Live from Abu Dhabi Connect the World takes you on a journey across continents, investigating the stories that are changing our world.
As the U.S. state of Arizona prepares to enact a new law which will allow police officers to ask for proof of residency from anyone being investigated for a crime, the spotlight has shifted on the role immigration plays on developed countries around the world.
Opponents of Arizona's SB 1070 say the measure is discriminatory and invites racial profiling, but supporters say it's necessary to curb the flood of illegal immigrants in the border state.
On July 21, ten nations joined Mexico's opposition and signed a declaration expressing their "strong condemnation and profound rejection of the law," according to Senate President Carlos Navarrete Ruiz.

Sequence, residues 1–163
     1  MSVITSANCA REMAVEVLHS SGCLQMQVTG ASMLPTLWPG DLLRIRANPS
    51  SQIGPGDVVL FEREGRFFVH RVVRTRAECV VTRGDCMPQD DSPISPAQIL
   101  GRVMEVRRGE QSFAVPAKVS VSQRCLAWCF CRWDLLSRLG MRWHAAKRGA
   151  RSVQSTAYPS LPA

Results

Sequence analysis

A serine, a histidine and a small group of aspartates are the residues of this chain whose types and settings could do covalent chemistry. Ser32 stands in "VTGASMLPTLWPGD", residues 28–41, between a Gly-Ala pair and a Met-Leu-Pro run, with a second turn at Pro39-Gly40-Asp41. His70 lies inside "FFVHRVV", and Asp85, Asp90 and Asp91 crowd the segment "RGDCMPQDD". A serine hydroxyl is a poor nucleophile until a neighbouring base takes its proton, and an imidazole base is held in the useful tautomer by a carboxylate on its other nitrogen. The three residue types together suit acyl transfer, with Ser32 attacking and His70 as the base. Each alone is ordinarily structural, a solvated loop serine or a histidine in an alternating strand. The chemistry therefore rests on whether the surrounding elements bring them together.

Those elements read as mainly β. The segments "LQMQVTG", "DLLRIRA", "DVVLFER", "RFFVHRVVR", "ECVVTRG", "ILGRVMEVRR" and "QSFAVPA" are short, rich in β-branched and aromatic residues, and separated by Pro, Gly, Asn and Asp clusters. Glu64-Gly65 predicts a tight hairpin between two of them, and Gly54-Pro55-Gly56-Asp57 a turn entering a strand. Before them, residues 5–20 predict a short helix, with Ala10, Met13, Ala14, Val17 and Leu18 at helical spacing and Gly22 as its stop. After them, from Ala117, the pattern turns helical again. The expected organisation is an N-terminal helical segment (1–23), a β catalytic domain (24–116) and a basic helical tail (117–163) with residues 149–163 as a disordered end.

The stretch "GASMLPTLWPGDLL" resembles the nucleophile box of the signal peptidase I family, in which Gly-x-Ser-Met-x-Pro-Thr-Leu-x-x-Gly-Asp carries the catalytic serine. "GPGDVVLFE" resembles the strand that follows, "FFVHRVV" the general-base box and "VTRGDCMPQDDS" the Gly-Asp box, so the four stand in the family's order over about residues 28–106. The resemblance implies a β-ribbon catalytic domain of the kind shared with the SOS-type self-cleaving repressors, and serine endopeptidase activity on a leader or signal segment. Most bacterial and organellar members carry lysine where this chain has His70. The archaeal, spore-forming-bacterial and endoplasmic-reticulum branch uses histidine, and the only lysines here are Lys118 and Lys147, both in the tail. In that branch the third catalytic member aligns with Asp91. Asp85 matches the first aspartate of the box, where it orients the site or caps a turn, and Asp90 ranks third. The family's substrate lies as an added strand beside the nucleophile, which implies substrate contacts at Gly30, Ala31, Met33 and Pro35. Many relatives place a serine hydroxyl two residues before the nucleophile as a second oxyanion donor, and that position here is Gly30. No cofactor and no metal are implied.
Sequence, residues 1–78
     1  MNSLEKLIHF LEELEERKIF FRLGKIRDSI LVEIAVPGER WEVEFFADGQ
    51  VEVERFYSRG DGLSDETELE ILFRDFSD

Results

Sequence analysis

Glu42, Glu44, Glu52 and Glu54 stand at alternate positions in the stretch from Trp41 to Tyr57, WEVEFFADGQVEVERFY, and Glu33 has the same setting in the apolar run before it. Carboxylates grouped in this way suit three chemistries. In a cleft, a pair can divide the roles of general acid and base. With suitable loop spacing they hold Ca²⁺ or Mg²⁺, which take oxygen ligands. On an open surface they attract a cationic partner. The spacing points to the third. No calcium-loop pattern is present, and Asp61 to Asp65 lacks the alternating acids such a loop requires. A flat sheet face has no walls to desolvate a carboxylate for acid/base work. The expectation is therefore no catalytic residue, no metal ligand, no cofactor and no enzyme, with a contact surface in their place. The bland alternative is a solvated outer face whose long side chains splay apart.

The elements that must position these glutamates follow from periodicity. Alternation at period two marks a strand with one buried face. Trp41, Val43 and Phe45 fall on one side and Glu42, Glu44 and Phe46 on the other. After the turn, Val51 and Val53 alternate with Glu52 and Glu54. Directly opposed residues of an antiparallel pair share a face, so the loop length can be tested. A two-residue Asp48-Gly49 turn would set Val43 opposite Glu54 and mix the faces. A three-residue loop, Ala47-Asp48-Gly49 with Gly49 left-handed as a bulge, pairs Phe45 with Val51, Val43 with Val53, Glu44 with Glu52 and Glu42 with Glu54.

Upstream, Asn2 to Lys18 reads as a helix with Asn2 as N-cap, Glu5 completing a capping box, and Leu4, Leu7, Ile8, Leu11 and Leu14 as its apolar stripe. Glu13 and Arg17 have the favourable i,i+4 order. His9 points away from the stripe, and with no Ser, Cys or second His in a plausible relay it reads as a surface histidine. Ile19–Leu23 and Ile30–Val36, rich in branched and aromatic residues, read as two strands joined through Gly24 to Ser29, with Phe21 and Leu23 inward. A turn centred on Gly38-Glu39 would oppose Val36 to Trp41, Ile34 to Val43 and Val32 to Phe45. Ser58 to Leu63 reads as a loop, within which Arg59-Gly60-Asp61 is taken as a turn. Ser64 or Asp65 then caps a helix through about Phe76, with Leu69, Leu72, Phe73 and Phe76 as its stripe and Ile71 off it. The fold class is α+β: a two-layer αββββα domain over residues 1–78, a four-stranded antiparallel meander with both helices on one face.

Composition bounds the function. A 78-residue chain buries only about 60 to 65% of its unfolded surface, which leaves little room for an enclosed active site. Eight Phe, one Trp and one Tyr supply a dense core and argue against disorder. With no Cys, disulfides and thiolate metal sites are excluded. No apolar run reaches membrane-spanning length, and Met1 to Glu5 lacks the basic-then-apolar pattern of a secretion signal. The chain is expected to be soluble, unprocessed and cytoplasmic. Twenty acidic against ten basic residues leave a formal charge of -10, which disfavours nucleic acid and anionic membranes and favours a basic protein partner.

As countries around the world voice their opinion on the Arizona law, the debate brings into question the role that immigration can play in a country and whether it either helps or hinders.
Countries like Canada have gained a strong reputation for embracing immigration from countries around the world and today, Canada is one of the most multicultural and diverse nations on earth.
Other countries like the United Kingdom and Australia have had more difficult paths to multiculturalism.
In Australia, Pauline Hanson's One Nation party won a handful of seats in the Queensland parliament on the back of an anti-immigration message.
In the United Kingdom, Nick Griffin's British National party also received a great deal of attention for their right-wing policies, but remains relatively ignored in mainstream politics.
We want to know what you think.
Are you an immigrant? How have you found your transition from one country to another? Do you think the majority of people are welcoming? Do you oppose immigration? Should there be tougher regulations in your country?
Please leave your comments below - we would also love to use your comments on air, so please let us know if you are interested in appearing on CNN's Connect the World. And don't forgot to let us know where you're writing from.